Evolution of lutropin to chorionic gonadotropin generates a specific routing signal for apical release in vivo

Albina Jablonka-Shariff, Vicenta Garcia-Campayo, Irving Boime

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29 Scopus citations


One of the fundamental differences among mammals is the mechanism of maintaining the corpus luteum of pregnancy. Placentation in primates is associated with the production of the glycoprotein hormone chorionic gonadotropin (CG), which is secreted into the maternal serum and stimulates progesterone synthesis from the corpus luteum, which is essential for early development of the embryo. CG together with the pituitary hormones lutropin (LH), follitropin, and thyrotropin constitute the family of glycoprotein hormones comprised of a common α subunit and a hormone-specific β subunit. The LHβ and CGβ subunits share 85% amino acid sequence identity, and functionally LH and CG are interchangeable. CGβ evolved by a recent gene duplication event from the LHβ locus, and despite the close relationship between them, their modes of secretion are quite different. CG release from the placenta is apically directed, whereas LH is released from the basal side of the cell, and the determinant(s) for this redirected trafficking are unknown. Here, using the polarized Madin-Darby canine kidney (MDCK) cell line, we provide evidence for the molecular basis of the different secretory patterns of LH and CG in vivo. The apical targeting of CG is programmed by a carboxyl-terminal sequence, which encodes a novel sorting signal. It is also apparent that the presence of the O-linked oligosaccharides in the CTP sequence contributes to this apical routing. The CTP, which is absent in LH, redirects CG to the maternal serum and permits the unique arrangement for primate placentation. Our data also show that the MDCK cells can distinguish the different secretory pathways for the gonadotropins and will be a valuable model for elucidating the determinants associated with the unique sorting of these functionally related hormones.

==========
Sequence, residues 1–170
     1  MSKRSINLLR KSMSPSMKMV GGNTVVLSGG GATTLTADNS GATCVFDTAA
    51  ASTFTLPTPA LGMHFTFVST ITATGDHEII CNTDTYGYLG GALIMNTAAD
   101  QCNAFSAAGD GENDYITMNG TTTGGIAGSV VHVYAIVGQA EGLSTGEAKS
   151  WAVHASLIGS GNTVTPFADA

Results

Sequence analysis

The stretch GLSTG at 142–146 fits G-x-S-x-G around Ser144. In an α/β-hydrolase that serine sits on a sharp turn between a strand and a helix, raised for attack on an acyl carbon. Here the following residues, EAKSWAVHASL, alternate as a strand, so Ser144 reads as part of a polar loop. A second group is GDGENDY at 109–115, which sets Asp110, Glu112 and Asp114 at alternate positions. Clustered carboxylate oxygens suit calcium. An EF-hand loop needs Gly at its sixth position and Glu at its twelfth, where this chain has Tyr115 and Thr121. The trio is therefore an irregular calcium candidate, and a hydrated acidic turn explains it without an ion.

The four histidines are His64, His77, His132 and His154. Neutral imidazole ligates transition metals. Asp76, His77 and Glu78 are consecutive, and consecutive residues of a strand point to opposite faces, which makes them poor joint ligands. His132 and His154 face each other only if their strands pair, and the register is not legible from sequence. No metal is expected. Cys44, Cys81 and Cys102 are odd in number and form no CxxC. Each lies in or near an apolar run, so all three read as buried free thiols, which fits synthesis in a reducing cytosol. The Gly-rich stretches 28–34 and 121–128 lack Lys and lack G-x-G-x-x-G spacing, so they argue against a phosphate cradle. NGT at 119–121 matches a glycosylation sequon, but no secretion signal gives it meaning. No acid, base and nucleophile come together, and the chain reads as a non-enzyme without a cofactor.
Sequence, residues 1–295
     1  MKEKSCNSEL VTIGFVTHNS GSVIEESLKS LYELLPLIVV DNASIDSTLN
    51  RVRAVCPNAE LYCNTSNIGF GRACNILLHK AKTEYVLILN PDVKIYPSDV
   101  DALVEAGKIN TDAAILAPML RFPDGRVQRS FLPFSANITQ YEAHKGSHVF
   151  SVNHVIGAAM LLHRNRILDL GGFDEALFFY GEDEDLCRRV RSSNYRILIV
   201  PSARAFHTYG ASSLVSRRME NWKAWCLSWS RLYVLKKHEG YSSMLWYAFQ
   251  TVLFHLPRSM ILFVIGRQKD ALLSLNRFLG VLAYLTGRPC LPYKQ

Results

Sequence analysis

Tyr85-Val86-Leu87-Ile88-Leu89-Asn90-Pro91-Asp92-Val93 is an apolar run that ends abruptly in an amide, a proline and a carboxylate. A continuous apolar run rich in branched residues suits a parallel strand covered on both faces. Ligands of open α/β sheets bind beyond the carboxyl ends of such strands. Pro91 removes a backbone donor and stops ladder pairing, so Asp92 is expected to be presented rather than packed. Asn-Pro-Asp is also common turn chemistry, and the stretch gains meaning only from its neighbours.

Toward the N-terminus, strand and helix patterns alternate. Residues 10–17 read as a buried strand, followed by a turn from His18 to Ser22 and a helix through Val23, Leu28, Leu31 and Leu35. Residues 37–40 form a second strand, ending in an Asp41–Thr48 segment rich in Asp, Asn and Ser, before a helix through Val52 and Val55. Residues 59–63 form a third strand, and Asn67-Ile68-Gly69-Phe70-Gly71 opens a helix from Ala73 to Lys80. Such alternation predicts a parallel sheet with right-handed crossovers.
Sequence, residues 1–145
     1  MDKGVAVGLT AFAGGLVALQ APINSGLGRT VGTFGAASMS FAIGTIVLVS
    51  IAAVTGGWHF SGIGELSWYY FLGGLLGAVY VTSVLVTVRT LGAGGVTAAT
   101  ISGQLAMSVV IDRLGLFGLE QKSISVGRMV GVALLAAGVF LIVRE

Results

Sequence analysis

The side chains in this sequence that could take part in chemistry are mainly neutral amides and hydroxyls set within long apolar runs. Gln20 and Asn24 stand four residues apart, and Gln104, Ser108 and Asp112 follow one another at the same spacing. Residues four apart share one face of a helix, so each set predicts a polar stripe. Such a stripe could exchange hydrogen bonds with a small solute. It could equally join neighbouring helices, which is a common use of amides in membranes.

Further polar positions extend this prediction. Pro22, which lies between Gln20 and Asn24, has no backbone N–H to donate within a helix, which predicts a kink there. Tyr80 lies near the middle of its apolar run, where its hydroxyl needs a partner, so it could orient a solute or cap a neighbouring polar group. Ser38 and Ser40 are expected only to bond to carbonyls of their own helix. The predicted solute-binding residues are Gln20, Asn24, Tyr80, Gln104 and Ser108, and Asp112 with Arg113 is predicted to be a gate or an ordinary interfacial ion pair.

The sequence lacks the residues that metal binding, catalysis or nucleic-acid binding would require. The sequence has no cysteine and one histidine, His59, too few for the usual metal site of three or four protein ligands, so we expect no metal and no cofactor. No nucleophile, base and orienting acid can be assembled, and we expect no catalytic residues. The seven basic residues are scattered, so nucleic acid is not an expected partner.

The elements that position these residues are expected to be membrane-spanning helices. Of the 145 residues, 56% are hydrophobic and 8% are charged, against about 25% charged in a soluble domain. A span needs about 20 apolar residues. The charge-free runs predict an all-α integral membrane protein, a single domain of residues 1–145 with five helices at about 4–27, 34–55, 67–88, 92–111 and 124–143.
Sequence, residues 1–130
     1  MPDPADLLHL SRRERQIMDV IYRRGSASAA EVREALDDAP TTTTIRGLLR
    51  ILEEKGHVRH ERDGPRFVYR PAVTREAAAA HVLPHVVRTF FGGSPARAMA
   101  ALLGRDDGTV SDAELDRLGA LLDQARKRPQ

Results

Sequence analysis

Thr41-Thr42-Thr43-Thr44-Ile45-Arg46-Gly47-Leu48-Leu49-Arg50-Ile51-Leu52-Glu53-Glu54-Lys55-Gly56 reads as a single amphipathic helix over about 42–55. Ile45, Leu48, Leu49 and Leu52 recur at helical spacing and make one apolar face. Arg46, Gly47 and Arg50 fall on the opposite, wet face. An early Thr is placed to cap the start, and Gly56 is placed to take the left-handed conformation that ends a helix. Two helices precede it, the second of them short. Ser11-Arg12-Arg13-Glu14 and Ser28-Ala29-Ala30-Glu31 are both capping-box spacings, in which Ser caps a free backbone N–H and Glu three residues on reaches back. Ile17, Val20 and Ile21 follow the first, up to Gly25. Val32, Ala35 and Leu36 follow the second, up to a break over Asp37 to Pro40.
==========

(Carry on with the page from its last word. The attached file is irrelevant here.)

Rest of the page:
Original languageEnglish
Pages (from-to)879-882
Number of pages4
JournalJournal of Biological Chemistry
Issue number2
StatePublished - Jan 11 2002


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